Srebrenica Muslims accuse Serb authorities of harassment
The mayor of Srebrenica, the site of Europe’s worst massacre since World War II, has accused Bosnian Serb authorities of harassing Muslims
The mayor of Srebrenica, the site of Europe’s worst massacre since World War II, has accused Bosnian Serb authorities of harassing Muslims under the pretext of investigating Islamic extremists.
Camil Durakovic, a Bosnian Muslim, said Thursday that Serb police from outside town stormed the homes of Muslims who returned after Bosnia’s 1990s ethnic war, and carried out arrests without explanation. He called it a “form of repression.”
“Terrorism is a serious global problem and we must all fight against it, but you cannot use it as an excuse to send masked, armed men to search houses of Bosnian Muslims and arrest people without any evidence,” Durakovic said.
After the war, Bosnia split into two semi-autonomous parts, a Serb-run Republic and a federation shared by Bosnian Muslims and Croats. Each has its own president, government and police, but they are linked by weak state-level institutions. The United Nations calls the slaughter by Bosnian Serb troops of 8,000 Muslim boys and men in Srebrenica in 1995 a genocide. The town remains in the Serb-run half of Bosnia.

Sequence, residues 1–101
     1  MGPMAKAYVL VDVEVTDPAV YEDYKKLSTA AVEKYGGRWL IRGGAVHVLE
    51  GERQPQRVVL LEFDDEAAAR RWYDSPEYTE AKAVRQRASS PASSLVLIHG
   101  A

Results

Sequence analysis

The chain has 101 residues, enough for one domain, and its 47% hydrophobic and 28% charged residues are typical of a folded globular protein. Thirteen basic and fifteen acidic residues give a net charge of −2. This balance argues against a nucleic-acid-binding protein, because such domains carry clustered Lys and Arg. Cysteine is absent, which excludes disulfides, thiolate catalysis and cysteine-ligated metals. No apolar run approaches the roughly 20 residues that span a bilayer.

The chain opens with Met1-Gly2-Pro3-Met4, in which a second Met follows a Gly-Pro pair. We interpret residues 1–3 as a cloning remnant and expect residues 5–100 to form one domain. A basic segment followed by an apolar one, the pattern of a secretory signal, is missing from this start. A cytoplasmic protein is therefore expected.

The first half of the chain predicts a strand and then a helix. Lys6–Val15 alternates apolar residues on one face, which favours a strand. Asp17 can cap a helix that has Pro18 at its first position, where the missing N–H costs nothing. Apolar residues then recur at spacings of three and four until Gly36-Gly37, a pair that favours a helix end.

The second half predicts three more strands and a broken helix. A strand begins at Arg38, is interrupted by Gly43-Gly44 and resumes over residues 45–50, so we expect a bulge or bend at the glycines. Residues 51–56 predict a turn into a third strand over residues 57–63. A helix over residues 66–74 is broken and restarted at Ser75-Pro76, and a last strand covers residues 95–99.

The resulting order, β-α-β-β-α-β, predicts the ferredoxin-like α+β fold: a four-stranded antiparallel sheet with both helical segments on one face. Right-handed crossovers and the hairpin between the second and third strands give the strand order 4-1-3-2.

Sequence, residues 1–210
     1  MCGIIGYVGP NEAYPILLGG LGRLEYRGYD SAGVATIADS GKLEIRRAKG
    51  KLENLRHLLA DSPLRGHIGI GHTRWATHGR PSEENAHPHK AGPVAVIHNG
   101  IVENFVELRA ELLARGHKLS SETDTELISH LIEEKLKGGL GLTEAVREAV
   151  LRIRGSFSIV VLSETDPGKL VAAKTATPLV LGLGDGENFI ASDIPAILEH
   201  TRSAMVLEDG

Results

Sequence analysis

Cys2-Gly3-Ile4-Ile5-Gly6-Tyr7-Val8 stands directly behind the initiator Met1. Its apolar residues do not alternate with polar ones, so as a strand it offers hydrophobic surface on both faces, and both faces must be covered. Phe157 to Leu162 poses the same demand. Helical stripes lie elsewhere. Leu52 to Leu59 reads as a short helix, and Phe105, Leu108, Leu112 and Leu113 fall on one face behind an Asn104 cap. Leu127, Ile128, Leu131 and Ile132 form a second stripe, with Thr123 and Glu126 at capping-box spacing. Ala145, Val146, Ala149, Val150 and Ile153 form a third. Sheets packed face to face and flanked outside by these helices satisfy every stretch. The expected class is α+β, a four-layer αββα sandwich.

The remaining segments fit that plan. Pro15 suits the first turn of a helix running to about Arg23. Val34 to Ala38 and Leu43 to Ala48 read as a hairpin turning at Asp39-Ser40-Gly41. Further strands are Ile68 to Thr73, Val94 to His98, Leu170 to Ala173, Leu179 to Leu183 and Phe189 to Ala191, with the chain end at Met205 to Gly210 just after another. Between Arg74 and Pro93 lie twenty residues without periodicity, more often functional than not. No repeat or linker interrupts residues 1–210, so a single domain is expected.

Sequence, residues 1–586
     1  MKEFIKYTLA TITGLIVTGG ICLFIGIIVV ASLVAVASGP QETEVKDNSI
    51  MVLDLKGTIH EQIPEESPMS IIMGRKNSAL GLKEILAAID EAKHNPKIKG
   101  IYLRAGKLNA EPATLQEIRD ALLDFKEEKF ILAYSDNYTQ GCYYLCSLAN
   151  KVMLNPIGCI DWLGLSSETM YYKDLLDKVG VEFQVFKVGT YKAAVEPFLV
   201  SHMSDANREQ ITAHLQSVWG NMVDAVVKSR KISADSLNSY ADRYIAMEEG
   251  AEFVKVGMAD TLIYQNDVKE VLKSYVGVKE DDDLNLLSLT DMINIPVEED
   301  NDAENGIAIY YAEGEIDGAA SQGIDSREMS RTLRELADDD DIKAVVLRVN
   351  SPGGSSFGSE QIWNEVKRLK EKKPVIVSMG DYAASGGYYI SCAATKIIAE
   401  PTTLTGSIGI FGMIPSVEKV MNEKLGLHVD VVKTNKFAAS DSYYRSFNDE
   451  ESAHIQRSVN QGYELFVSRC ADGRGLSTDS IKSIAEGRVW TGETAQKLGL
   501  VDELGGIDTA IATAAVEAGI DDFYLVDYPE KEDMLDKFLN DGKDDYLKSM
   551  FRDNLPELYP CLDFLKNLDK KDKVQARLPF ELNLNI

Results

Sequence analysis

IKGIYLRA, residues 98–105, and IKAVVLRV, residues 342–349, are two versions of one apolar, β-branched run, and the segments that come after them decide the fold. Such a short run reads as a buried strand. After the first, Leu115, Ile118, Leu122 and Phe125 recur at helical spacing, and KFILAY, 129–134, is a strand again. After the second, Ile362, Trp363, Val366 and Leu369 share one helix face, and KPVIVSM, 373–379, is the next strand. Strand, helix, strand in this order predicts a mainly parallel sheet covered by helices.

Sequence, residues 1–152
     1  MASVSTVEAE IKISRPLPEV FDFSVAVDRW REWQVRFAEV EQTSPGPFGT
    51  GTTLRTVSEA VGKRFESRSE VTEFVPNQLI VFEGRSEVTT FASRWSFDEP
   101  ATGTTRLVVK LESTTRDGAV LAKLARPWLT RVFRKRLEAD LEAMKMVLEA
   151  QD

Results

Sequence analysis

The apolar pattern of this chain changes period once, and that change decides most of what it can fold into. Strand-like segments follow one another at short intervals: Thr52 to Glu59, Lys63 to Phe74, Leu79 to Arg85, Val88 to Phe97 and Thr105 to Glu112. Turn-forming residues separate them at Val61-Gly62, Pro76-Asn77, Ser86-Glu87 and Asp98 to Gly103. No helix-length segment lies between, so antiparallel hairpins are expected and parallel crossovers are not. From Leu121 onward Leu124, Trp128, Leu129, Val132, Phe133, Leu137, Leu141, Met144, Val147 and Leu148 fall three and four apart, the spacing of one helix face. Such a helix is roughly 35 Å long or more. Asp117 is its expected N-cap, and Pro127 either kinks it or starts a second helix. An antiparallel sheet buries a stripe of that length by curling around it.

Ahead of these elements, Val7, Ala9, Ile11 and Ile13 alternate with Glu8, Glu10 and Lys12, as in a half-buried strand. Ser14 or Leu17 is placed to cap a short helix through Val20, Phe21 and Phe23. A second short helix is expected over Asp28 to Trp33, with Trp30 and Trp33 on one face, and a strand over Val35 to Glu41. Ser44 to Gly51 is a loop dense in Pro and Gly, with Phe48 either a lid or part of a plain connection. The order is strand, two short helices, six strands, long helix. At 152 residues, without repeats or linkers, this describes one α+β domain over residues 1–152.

Bakir Izetbegovic, the Bosnian Muslim president, also voiced concern by saying police have “overstepped their authority.”
“We will not allow harassment of returnees under the guise of a fight against terrorism,” said Izetbegovic.
Bosnian Serb police on Wednesday raided dozens of locations and detained 30 people, including two in Srebrenica, on suspicion of links with Islamic extremists. The operation comes after a Muslim gunman killed one policeman and wounded two others as he stormed a police station last week in northeast Bosnia, yelling “Allahu Akbar.” Investigators believe the 24-year-old gunman has links to Islamic extremists.
Bosnian Serb Police Chief Dragan Lukac defended the raids, saying all units under his command were on heightened alert after the attack.
“We will not sit idle and wait for another attack against our officers and our institutions,” he said.
Lukac said 11 of the arrested will be transferred to the Bosnian Serb prosecutor because searches of their property turned up “weapons, uniforms, propaganda material and flags with Arabic writing on them.”
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